LONDON (Reuters) - British judges could find themselves drawn into policy matters normally best left to parliament if a government bill on exiting the European Union is enacted as currently worded, a senior judge said on Wednesday.
The EU Withdrawal Bill aims to provide legal clarity by converting existing EU laws into domestic ones while ensuring that Britain is no longer subject to EU court decisions after leaving the bloc in March 2019.
One of the bill’s clauses says a UK court will no longer need to take into account anything done on or after exit day by the European Court of Justice (ECJ) or any other EU entity, but “may do so if it considers it appropriate to do so”.
David Neuberger, who recently retired as president of the UK Supreme Court, told a parliamentary committee that the clause could lead to situations where judges had to take into account economic or political factors when making their decisions.
“These are the sort of factors which judges are not naturally the people to take into account. It puts them very much into policy areas where on the whole the tradition in the country has been to keep them out,” he said.
Neuberger gave a hypothetical example, envisaging a situation where the ECJ had decided a point on a directive or regulation which affected the right to trade between EU member states, and a UK court found itself having to decide a similar point.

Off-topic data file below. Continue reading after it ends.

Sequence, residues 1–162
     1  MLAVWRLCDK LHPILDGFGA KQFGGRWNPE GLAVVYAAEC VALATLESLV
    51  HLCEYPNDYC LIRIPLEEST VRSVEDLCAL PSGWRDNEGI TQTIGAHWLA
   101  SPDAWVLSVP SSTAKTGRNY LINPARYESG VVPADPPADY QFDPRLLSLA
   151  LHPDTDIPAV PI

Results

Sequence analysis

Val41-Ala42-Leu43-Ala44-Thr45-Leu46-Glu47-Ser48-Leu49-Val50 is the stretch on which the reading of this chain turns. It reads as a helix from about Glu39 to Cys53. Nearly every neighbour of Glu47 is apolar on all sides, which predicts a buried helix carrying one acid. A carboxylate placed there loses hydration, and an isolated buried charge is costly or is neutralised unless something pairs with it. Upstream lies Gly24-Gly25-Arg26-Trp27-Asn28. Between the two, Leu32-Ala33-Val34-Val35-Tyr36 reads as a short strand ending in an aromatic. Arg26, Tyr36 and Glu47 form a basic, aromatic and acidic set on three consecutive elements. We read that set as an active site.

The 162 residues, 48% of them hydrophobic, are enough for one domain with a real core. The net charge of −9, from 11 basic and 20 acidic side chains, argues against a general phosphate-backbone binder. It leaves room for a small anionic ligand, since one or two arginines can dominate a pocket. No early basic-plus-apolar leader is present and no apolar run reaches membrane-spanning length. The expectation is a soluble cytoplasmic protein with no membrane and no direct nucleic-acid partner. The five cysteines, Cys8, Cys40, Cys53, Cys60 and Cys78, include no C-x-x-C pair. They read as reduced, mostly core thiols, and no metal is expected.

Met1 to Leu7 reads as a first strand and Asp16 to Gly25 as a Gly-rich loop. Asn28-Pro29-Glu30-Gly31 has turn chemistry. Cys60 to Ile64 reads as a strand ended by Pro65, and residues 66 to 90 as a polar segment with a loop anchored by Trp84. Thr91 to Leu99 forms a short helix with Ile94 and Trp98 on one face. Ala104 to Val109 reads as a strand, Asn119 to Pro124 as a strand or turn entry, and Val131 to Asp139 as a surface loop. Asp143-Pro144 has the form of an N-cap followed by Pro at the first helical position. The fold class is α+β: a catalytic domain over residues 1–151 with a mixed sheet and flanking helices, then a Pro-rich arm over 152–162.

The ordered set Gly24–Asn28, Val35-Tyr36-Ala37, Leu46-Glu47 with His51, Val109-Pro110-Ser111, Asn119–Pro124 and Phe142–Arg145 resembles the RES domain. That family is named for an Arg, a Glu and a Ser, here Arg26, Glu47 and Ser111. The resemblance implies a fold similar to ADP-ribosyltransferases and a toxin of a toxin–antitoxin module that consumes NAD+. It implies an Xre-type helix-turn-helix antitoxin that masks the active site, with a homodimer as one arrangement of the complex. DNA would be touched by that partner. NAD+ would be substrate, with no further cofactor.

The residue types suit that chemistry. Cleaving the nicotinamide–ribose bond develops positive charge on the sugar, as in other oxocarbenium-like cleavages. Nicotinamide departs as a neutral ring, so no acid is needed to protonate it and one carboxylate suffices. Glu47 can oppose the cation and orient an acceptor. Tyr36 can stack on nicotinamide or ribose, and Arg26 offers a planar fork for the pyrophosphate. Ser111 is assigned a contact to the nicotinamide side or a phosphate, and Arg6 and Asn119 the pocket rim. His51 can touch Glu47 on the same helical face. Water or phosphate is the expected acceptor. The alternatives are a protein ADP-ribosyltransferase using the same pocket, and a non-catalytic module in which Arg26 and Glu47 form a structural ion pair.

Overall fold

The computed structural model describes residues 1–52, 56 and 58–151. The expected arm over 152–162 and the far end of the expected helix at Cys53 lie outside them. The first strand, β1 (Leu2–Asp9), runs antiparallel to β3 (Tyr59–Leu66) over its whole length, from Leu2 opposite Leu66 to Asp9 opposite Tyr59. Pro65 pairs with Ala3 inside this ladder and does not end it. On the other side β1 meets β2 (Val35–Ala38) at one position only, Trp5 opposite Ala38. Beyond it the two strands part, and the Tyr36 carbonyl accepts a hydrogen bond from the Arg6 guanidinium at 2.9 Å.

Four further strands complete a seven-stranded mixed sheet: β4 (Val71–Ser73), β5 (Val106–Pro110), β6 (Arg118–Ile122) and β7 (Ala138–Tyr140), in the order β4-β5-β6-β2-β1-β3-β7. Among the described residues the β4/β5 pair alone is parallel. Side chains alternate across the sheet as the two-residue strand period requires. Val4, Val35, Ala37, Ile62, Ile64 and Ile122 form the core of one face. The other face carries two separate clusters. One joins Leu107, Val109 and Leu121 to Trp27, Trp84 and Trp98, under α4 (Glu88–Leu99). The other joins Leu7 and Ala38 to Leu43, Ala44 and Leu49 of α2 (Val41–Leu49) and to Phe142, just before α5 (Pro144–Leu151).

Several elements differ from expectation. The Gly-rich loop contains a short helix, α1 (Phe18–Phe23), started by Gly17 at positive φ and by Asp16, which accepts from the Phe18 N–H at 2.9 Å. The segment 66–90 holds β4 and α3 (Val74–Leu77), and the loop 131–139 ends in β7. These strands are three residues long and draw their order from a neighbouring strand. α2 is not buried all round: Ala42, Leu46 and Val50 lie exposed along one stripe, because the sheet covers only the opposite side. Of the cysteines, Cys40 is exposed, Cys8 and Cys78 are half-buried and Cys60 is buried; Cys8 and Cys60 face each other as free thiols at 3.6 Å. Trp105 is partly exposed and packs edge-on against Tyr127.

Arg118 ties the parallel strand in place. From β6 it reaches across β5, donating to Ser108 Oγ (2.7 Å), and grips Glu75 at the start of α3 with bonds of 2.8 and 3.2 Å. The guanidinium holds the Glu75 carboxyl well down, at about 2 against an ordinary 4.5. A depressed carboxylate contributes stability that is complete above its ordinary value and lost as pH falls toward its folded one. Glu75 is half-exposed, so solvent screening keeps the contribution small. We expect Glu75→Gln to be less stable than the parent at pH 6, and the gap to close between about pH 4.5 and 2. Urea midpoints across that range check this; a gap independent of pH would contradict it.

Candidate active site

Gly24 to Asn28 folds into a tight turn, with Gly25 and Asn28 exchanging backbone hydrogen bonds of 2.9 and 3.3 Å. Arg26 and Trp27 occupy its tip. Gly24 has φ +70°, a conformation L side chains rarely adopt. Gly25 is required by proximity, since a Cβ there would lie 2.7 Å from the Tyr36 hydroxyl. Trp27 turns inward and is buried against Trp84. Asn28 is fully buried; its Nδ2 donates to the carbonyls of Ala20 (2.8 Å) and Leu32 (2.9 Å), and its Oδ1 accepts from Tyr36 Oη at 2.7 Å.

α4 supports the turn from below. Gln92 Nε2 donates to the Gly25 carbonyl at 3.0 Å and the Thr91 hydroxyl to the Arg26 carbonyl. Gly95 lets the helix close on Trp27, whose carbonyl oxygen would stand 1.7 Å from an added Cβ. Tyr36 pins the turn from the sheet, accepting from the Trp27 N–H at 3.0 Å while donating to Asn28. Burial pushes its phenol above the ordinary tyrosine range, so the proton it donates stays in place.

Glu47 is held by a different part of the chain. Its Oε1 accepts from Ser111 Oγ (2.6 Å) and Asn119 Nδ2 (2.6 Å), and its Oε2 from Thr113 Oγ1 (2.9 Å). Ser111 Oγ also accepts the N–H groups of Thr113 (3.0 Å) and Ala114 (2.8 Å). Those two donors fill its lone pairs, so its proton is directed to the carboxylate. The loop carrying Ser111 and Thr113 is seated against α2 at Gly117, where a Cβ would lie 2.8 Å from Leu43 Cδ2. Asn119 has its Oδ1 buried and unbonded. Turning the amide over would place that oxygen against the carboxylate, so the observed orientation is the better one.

“Should the UK courts take into account the fact that if they decided differently from the EU court it would affect trade between the UK and the EU, or possibly financial arrangements or City interests, or that it may affect political interests or international relations between the UK and EU?” he asked.
Neuberger said that in the absence of more precise guidance from parliament, judges would do their duty and decide for themselves whether to take such factors into account.
“But they may not make decisions that are welcome here (in parliament) and it would be better to give them guidance,” he told a House of Lords committee on constitutional affairs.
Neuberger’s successor as Supreme Court president, Brenda Hale, has also called for greater clarity from parliament on how judges should deal with EU court rulings after Brexit.
Reporting by Estelle Shirbon; editing by Stephen Addison